Amid shutdowns, supply chains pivot and global demand for specialized talent intensifies

The global landscape of supply chain management has changed drastically in the past several weeks. Businesses, organizations, and people are rapidly innovating to improve supply chains and upskill and reskill the workforce and themselves to accommodate disruptions caused by the global Covid-19 health crisis. Online retailers and logistics providers are announcing vast hiring initiatives, while companies and organizations grapple with the logistics demands of supplying for vital services.

Even in the middle of these disruptions, a cohort of 383 dedicated online learners concluded nine to 18 months of learning to pass their comprehensive final exams, earning their MITx MicroMasters program credentials in supply chain management. These new credential-holders bring the total number of holders to 2,243 from 115 countries. The majority of credential-holders hail from the United States, India, Brazil, Spain, and China, some of the world’s most influential economies. While credential holders’ median age is 31, holders range in age from 21 to 74, practicing diverse business functions. They are currently employed at more than 700 companies worldwide, ranging from the largest multinational corporations to local, family-owned businesses.

Given the volatile nature of logistics during disruptions, the comprehensive theoretical and practical knowledge gained from these courses is already having an impact. “The program significantly changed my mindset to be proactive. This helped me improvise ahead of the current pandemic challenges to provide visibility across my supply chain,” says learner Mohamed El Tayeb, a demand planner in Saudi Arabia. “Technically, everything I learned in the program is coming in handy now.” Similarly, Matthias Stolz, a supply chain management project manager from Germany, claims “The MicroMasters program helped me to be able to make back-of-the-envelope calculations to quantify effects and evaluate risks and opportunities fast. This allowed me to confidently prepare decisions for the top management which have already enabled the company to respond quickly.”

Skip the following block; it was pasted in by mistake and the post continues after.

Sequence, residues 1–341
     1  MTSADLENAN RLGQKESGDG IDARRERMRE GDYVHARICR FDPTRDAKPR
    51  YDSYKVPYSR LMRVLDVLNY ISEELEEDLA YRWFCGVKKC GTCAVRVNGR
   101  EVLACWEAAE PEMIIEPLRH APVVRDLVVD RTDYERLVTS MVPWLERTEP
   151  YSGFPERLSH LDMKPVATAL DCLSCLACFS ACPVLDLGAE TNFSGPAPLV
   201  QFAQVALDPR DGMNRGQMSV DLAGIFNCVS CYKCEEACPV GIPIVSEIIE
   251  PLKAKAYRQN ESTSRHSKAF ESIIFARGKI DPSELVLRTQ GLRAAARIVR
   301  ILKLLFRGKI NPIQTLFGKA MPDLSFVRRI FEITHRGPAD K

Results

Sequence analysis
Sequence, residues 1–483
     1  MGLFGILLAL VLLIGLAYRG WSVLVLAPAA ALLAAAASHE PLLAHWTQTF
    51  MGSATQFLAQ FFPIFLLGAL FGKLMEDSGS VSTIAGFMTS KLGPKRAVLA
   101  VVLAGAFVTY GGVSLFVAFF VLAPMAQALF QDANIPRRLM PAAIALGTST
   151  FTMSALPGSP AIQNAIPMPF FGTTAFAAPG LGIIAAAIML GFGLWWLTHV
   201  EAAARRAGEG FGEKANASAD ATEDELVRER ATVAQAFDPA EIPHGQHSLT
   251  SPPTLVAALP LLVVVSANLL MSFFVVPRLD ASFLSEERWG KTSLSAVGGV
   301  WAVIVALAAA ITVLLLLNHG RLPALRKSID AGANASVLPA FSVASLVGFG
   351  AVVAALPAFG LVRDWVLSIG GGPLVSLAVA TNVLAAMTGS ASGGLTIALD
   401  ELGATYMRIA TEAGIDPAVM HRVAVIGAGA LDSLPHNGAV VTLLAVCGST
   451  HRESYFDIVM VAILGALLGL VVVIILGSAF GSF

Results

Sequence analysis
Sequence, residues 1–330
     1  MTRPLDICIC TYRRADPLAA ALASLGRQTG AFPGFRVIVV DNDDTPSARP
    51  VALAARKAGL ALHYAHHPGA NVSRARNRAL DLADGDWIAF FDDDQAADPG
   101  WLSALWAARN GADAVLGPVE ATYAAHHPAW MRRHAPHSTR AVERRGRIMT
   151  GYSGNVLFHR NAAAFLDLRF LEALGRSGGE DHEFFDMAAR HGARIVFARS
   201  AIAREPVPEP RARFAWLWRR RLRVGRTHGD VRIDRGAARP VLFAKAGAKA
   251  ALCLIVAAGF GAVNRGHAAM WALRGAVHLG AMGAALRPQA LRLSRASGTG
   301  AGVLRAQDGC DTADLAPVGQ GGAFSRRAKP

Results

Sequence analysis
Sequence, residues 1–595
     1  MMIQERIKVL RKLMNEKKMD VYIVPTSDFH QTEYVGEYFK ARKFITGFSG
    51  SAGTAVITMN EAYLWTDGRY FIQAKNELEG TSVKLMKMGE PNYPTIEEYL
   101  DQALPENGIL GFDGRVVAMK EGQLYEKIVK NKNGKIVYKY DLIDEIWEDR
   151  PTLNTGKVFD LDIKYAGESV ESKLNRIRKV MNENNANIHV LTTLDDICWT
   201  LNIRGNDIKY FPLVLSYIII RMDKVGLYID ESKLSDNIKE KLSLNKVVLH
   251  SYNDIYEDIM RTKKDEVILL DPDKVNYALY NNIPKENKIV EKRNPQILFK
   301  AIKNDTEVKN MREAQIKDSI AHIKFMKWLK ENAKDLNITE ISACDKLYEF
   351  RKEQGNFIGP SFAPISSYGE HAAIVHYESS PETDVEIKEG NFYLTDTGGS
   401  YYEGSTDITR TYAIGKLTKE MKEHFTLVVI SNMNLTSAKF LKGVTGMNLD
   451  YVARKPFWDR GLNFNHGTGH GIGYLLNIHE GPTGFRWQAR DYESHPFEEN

Learners like El Tayeb and Stolz are leading the way on the ground, along with contributors from across the supply chain, to be cited as everyday heroes by MIT’s Center for Transportation and Logistics and the U.S. Department of Agriculture, among many others.

MIT will recognize the contributions of credential holders and program participants in a public online completion celebration on April 15 at 11 a.m. EDT. “Our goal is to pioneer supply chain digital education to shape the leaders of the future,” says program Director Eva Ponce. “We are bringing MIT education to anyone from anywhere to improve the capabilities and prospects of professionals through our massive open online courses. It is my distinct pleasure to thank the committed and passionate team responsible for the development and delivery of this program and to welcome this learner cohort to the credential-holder community, who are the future of the supply chain profession.”

As a new normal becomes apparent in the foreseeable future, experts agree that the global disruptions should serve as a wake-up call for supply chain and logistics managers. They foresee that practitioners will need an array of practical and analytical tools at their disposal to accommodate rapidly changing demands. Teaching supply chain management online is one strategy to meet this dynamic demand. The MITx MicroMasters Program in Supply Chain Management is becoming recognized as a go-to knowledge baseline for individuals and organizations to meet their global demand for talent.